Snowfall in Delaware well below normal this season
The possibility of snow is in the forecast — a rare sight in Delaware this winter, when snowfall has been far below what meteorologists consider “normal.”
The only official monitoring station for snow in the state is in the Wilmington area. So far this winter it has recorded only 0.9 inches of snow— the smallest amount there in the last decade, according to National Weather Service meteorologist Trent Davis.
Davis says the “normal” amount of snow for Wilmington at this point in the season is 18.6 inches, an average calculated over thirty years. He says the record high for the Wilmington-area monitoring station at this point in the year was 72.7 inches of snow, over the 2009-2010 winter season. The record low was during the 1997-1998 season, when the monitoring station had recorded no snow by this point in the year.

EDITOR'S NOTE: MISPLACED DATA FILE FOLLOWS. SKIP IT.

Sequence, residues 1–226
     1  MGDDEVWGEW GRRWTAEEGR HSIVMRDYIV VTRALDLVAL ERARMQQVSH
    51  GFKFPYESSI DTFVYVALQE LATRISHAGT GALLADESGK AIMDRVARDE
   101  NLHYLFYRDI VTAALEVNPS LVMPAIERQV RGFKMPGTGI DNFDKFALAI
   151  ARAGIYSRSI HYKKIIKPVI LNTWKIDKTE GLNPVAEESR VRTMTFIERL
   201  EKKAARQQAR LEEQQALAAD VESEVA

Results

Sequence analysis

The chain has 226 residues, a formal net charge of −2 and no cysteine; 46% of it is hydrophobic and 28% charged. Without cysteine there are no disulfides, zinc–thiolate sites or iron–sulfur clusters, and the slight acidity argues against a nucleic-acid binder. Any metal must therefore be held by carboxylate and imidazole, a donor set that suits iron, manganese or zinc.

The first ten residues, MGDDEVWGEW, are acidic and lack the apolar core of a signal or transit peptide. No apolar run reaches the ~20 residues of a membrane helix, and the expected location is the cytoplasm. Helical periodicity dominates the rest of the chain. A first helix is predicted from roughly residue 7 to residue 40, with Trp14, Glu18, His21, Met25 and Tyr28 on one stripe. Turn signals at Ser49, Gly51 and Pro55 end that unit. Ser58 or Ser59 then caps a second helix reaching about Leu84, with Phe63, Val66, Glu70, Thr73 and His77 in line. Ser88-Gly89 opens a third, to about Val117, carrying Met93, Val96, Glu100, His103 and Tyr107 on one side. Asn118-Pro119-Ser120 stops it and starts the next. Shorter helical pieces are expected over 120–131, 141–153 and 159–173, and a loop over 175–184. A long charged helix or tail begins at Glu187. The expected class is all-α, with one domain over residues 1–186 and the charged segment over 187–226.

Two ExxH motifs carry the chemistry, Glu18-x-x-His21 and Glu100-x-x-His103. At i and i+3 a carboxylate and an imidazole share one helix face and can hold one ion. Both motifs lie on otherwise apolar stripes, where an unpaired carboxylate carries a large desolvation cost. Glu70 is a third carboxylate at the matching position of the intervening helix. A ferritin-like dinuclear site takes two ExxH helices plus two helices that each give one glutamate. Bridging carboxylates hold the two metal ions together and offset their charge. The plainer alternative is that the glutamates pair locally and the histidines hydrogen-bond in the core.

Kevin Brinson, associate state climatologist and director of the Delaware Environmental Observing System at the University of Delaware, attributes the lack of snow this year to a strong jet stream — which he describes as a “conveyor belt” in the atmosphere that moves storm systems along.
“When you have a really strong jet stream in the winter, in our area— Delaware, Mid-Atlantic— we tend to have short, cold dry spells versus a long, cold dry period that locks in,” said Brinson. “You can’t have snow if you don’t have cold air.”
Brinson notes winter is not over — and Delaware still has time to log some more snow.He adds since the Wilmington-area station began collecting snow data in the 1940s, there have been only five years where Wilmington has gone without snow in March.
“March itself is not exactly a snow-free month typically,” said Brinson. “So it’s not like we’re out of the woods here, if you will. It’s always possible we could get enough snow not to make 2019-2020 stand out too much. If it stays as it is, it would be pretty amazing.”
This weekend’s forecast calls for some snow Friday night into Saturday, but little or no accumulation.